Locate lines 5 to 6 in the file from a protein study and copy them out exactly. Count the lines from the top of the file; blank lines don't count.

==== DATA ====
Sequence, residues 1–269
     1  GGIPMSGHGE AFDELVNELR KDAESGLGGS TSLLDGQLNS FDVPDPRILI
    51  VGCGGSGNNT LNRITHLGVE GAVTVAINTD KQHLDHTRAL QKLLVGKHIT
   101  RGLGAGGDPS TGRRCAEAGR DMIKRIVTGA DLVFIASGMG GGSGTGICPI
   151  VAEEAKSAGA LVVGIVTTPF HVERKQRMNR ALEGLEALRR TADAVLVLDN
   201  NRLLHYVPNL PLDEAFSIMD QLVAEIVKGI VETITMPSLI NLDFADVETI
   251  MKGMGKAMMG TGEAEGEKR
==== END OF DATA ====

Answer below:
   151  VAEEAKSAGA LVVGIVTTPF HVERKQRMNR ALEGLEALRR TADAVLVLDN
   201  NRLLHYVPNL PLDEAFSIMD QLVAEIVKGI VETITMPSLI NLDFADVETI